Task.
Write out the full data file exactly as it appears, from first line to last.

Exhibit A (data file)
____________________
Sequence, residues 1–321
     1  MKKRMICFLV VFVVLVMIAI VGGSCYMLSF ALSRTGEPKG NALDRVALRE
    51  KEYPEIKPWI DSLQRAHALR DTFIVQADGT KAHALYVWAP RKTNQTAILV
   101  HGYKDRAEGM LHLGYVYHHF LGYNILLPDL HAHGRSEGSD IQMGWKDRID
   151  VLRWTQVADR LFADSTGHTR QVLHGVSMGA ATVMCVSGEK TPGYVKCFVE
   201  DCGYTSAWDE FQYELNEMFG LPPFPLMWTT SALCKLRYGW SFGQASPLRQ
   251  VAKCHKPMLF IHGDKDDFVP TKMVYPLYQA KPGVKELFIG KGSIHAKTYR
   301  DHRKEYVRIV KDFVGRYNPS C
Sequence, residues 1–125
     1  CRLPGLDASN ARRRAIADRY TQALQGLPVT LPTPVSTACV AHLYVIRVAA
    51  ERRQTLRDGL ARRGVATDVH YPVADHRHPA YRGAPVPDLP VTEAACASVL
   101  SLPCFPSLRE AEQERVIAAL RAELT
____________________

Sequence, residues 1–321
     1  MKKRMICFLV VFVVLVMIAI VGGSCYMLSF ALSRTGEPKG NALDRVALRE
    51  KEYPEIKPWI DSLQRAHALR DTFIVQADGT KAHALYVWAP RKTNQTAILV
   101  HGYKDRAEGM LHLGYVYHHF LGYNILLPDL HAHGRSEGSD IQMGWKDRID
   151  VLRWTQVADR LFADSTGHTR QVLHGVSMGA ATVMCVSGEK TPGYVKCFVE
   201  DCGYTSAWDE FQYELNEMFG LPPFPLMWTT SALCKLRYGW SFGQASPLRQ
   251  VAKCHKPMLF IHGDKDDFVP TKMVYPLYQA KPGVKELFIG KGSIHAKTYR
   301  DHRKEYVRIV KDFVGRYNPS C
Sequence, residues 1–125
     1  CRLPGLDASN ARRRAIADRY TQALQGLPVT LPTPVSTACV AHLYVIRVAA
    51  ERRQTLRDGL ARRGVATDVH YPVADHRHPA YRGAPVPDLP VTEAACASVL
   101  SLPCFPSLRE AEQERVIAAL RAELT